State health regulators have fined 14 California hospitals about $850,000 for serious medical mistakes that they say put patient lives in jeopardy, including leaving surgical tools inside patients.
The California Department of Public Health announced the medical error fines on December 8, handing out penalties of $25,000 to $100,000 for incidents where noncompliance with health care standards put patients in immediate jeopardy.
Seven of the 14 hospitals were fined for leaving surgical tools in patients’ bodies. The next most common fine was for hospitals that failed to put into place procedures for the proper administration of medicine.
The largest fines of $100,000 went to repeat offenders, including Mission Hospital Regional Medical Center in Mission Viejo, which has received four administrative penalties; and Scripps Memorial Hospital in La Jolla, which has received six administrative penalties.
Other hospitals fined include Fresno Surgical Hospital, Henry Mayo Newhall Memorial Hospital in Valencia, Kaiser Foundation Hospital in South San Francisco, LAC+USC Medical Center in Los Angeles, Lucile Salter Packard Children’s Hospital at Stanford in Palo Alto, San Francisco General Hospital, Santa Barbara Cottage Hospital, St, Jude Medical Center in Fullerton, Sutter Solano Medical Center in Vallejo, Torrance Memorial Medical Center, UCSF Medical Center in San Francisco and Ventura County Medical Center.
Surgical sponges were the medical tools most commonly left in patients at the fined hospitals, but other objects left behind included a breakaway metal tab, a pin and a surgical towel.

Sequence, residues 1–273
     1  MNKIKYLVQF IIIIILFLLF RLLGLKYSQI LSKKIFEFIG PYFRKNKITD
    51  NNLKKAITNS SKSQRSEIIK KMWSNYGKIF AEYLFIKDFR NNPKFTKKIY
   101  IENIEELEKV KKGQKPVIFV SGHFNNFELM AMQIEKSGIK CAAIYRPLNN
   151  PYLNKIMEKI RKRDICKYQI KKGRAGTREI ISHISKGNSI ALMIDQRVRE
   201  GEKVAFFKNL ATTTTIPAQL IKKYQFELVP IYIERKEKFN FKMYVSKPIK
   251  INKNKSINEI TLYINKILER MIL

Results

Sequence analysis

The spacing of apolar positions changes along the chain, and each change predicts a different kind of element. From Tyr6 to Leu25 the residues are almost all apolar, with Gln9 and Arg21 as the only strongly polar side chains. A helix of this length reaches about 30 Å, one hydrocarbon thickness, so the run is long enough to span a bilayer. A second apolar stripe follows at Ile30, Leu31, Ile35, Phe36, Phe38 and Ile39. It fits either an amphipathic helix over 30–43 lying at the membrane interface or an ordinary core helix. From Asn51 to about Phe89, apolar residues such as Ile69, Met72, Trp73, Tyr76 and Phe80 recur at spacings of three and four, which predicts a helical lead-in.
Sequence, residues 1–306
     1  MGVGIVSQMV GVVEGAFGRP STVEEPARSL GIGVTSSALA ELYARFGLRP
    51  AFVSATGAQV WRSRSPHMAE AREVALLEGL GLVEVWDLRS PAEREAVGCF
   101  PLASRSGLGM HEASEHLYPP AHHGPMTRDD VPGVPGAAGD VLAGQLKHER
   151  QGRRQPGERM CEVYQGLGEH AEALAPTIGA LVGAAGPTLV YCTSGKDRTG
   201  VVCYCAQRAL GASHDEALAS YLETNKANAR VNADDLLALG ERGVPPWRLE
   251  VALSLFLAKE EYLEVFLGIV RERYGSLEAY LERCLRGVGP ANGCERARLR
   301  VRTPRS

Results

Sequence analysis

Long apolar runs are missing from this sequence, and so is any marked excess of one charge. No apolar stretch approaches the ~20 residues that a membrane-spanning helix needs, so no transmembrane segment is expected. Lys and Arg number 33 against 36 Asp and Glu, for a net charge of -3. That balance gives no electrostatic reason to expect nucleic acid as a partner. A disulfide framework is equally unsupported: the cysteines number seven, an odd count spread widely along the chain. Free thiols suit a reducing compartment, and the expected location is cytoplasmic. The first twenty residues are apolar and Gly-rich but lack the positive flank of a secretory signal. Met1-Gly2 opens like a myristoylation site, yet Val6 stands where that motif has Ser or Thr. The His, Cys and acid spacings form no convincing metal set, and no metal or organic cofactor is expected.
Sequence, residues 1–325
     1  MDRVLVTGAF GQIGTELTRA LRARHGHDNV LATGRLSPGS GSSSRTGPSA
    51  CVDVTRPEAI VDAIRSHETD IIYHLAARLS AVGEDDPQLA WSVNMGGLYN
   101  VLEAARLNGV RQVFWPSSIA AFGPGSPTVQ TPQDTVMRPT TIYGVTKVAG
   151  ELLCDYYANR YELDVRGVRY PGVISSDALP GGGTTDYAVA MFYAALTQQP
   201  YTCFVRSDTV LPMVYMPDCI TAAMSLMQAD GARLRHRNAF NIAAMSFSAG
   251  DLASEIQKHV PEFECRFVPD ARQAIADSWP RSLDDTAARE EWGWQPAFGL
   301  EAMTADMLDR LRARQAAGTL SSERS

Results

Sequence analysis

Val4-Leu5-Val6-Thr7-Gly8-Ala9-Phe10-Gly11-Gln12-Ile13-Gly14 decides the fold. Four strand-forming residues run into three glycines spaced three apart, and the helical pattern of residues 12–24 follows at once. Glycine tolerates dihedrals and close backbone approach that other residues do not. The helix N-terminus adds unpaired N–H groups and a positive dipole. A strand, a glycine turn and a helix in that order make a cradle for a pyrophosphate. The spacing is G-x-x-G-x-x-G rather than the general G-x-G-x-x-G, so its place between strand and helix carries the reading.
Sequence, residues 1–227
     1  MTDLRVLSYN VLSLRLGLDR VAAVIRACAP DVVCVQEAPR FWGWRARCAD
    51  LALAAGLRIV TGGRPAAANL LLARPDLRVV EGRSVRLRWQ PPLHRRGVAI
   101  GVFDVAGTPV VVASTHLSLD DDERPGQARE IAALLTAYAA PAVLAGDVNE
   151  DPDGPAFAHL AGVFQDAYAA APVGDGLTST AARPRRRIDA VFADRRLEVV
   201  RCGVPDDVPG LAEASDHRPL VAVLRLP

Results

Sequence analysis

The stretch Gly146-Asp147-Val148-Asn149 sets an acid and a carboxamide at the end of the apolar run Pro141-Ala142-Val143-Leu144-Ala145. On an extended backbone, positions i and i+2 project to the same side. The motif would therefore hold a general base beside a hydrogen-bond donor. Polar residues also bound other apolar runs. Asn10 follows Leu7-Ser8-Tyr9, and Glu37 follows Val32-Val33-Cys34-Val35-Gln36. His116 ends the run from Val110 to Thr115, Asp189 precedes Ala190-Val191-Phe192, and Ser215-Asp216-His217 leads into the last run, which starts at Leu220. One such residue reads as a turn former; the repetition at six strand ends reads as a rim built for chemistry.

Leaving a surgical tool behind after a medical procedure is rare, but can pose serious and potentially fatal consequences. Precautionary measures like surgical tool counts, tracking bar codes and radiographic screening after operations can greatly reduce risk. The most common surgical tools left behind in patients are sponges.
According to a 2003 report published in the New England Journal of Medicine, there were about 1,500 cases a year in which a sponge or surgical tool was left behind after surgery. Approximately 88% of the cases involved a final count that was incorrect.
In many cases, forgotten surgical sponges left after surgery are not discovered for a number or years, when patients begin suffering from unexplained symptoms. The difficulty in detecting the surgical mistake has led most states to allow exeptions to the statute of limitations for medical malpractice suits in cases where a foreign object is left behind during surgery.